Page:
Keywords:  hydroxychloroquine; icu patients; predictive factors; sars-cov-2; severe covid-19
  4. World Psychiatry. 2020 Oct 07.
      Concerns have been expressed that persons with a pre-existing mental disorder may represent a population at increased risk for COVID-19 infection and with a higher likelihood of adverse outcomes of the infection, but there is no systematic research evidence in this respect. This study assessed the impact of a recent (within past year) diagnosis of a mental disorder - including attention-deficit/hyperactivity disorder (ADHD), bipolar disorder, depression and schizophrenia - on the risk for COVID-19 infection and related mortality and hospitalization rates. We analyzed a nation-wide database of electronic health records of 61 million adult patients from 360 hospitals and 317,000 providers, across 50 states in the US, up to July 29, 2020. Patients with a recent diagnosis of a mental disorder had a significantly increased risk for COVID-19 infection, an effect strongest for depression (adjusted odds ratio, AOR=7.64, 95% CI: 7.45-7.83, p<0.001) and schizophrenia (AOR=7.34, 95% CI: 6.65-8.10, p<0.001). Among patients with a recent diagnosis of a mental disorder, African Americans had higher odds of COVID-19 infection than Caucasians, with the strongest ethnic disparity for depression (AOR=3.78, 95% CI: 3.58-3.98, p<0.001). Women with mental disorders had higher odds of COVID-19 infection than males, with the strongest gender disparity for ADHD (AOR=2.03, 95% CI: 1.73-2.39, p<0.001). Patients with both a recent diagnosis of a mental disorder and COVID-19 infection had a death rate of 8.5% (vs. 4.7% among COVID-19 patients with no mental disorder, p<0.001) and a hospitalization rate of 27.4% (vs. 18.6% among COVID-19 patients with no mental disorder, p<0.001). These findings identify individuals with a recent diagnosis of a mental disorder as being at increased risk for COVID-19 infection, which is further exacerbated among African Americans and women, and as having a higher frequency of some adverse outcomes of the infection. This evidence highlights the need to identify and address modifiable vulnerability factors for COVID-19 infection and to prevent delays in health care provision in this population.
    Keywords:  ADHD; COVID‐19; access to care; bipolar disorder; depression; discrimination; ethnic disparity; gender disparity; hospitalization; mental disorders; mortality; risk of infection; schizophrenia
  5. Acta Med Indones. 2020 Jul;52(3): 246-254
      BACKGROUND: Coronavirus Disease 2019 is an emerging respiratory disease that is now a pandemic. Indonesia is experiencing a rapid surge of cases but the local data are scarce.METHODS: this is an analysis using data from the ongoing recapitulation of Epidemiological Surveillance (ES) by the Provincial Health Office of Jakarta from March 2nd to April 27th 2020. We evaluated demographic and clinical characteristics of all confirmed cases in association with death.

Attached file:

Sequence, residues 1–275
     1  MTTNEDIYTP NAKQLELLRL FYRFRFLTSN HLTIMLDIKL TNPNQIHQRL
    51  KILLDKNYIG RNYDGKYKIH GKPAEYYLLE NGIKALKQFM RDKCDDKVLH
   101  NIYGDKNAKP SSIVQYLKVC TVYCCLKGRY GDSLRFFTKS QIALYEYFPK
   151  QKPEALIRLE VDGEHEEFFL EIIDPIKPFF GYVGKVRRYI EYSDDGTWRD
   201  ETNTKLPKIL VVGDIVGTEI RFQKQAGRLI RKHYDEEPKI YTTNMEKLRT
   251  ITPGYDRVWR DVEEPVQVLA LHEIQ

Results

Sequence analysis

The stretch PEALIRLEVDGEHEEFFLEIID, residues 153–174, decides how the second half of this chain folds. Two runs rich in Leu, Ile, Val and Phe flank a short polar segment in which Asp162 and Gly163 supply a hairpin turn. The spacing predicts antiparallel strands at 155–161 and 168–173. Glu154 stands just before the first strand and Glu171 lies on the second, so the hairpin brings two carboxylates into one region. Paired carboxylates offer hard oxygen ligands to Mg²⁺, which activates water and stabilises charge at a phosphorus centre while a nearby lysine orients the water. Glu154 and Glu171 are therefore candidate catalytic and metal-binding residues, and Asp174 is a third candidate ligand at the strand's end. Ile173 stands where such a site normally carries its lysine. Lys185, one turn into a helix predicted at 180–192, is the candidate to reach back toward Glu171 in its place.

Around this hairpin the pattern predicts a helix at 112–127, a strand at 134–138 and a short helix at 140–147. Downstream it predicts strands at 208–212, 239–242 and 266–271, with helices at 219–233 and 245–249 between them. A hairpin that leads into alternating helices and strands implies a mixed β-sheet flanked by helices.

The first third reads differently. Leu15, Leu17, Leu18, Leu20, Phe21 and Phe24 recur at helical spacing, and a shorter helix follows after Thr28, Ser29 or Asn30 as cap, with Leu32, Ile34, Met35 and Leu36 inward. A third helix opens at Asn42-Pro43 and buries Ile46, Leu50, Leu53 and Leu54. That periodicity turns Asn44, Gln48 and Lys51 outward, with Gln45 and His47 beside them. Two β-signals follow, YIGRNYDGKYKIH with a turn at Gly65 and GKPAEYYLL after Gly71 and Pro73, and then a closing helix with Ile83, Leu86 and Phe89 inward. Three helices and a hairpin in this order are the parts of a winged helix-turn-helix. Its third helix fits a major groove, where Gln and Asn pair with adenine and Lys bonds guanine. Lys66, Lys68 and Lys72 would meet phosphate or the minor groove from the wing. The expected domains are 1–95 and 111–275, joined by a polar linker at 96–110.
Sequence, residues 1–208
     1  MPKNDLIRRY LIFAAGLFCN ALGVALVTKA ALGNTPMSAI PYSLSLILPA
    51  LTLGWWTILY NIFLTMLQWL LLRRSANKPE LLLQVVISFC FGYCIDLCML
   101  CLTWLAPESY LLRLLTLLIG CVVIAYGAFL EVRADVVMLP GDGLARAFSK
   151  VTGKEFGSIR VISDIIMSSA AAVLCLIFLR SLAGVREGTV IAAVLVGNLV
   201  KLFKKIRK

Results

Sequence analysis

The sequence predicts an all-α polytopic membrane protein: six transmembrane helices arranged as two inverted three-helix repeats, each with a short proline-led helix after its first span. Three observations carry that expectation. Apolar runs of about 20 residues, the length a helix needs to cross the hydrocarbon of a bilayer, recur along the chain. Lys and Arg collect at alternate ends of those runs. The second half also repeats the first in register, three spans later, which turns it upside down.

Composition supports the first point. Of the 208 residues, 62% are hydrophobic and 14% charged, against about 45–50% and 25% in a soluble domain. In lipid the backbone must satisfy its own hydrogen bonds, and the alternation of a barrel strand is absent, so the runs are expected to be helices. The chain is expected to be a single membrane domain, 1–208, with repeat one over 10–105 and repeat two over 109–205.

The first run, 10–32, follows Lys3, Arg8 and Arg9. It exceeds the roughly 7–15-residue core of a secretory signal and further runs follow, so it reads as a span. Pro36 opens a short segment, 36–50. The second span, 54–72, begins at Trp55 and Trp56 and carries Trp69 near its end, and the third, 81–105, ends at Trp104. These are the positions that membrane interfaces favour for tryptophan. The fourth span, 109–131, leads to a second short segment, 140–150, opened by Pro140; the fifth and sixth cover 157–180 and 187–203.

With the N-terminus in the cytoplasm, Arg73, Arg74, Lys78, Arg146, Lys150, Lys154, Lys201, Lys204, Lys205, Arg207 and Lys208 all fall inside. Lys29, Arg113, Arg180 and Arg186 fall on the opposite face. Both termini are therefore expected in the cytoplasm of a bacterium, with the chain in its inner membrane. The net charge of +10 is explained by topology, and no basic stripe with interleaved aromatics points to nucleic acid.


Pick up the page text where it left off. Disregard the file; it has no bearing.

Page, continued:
RESULTS: of the 4,052 patients, 381 (9.4%) patients were deceased. Multivariable analysis showed that death was associated with older age (odds ratio [OR] 1.03; 95% confidence interval [CI] 1.02, 1.05, per year increase; p<0.001), dyspnea (OR 4.83; 95% CI 3.20, 7.29; p<0.001), pneumonia (OR 2.46; 95%CI 1.56, 3.88; p<0.001), and pre-existing hypertension (OR 1.86; 95% CI 1.24, 2.78; p=0.003). Death was highest in the week of April 6th 2020 and declined in the subsequent weeks, after a large-scale social restriction commenced.
    CONCLUSION: older age, dyspnea, pneumonia, and pre-existing hypertension were associated with death. Mortality was high, but may be reduced by lockdown.
    Keywords:  COVID-19; Indonesia; Jakarta; death; patient characteristics
  6. Medicine (Baltimore). 2020 Oct 02. 99(40): e22439
      BACKGROUND: The mortality rate associated with Covid-19 varies considerably among studies and determinants of this variability are not well characterized.METHODS: A systematic review of peer-reviewed literature published through March 31, 2020 was performed to estimate the mortality rate among hospitalized patients in China with a confirmed diagnosis of Covid-19. Hospital mortality rates were estimated using an inverse variance-weighted random-effects meta-analysis model. Funnel plot symmetry was evaluated for small-study effects, a one-study removed sensitivity analysis assessed the influence of individual studies on the pooled mortality rate, and metaregression assessed the association of potential confounding variables with mortality rates.
    RESULTS: The review included 16 observational studies involving 1832 hospitalized patients with a diagnosis of Covid-19. The surveillance period among studies ranged from December 16, 2019 to February 23, 2020. The median patient age was 53 years and 53% were males. A total of 38.5% of patients presented with at least 1 comorbidity, most commonly hypertension (24.0%), cardiac disease (15.1%), and diabetes mellitus (14.4%). Fever and cough, reported in 84.8% and 61.7% of patients respectively, were the most common patient symptoms. The pooled mortality rate was 9.9% (95% confidence interval 6.1% to 14.5%). Funnel plot asymmetry was not observed and the meta-analysis results were not substantially influenced by any single study since the pooled mortality rate ranged from 8.9% to 11.1% following iterative removal of one study at a time. Substantial heterogeneity in the mortality rate was identified among studies (I = 87%; P < .001). In a metaregression that included demographics, patient risk factors, and presenting symptoms, only a higher prevalence of diabetes mellitus was associated with a higher mortality rate (P = .03).
    CONCLUSIONS: In a meta-analysis of hospitalized patients in China with a diagnosis of Covid-19, the mortality rate was 9.9% and a higher diabetes mellitus prevalence was independently associated with a worse prognosis. The independent influence of diabetes mellitus with Covid-19 mortality should be viewed as hypothesis-generating and warrants further study.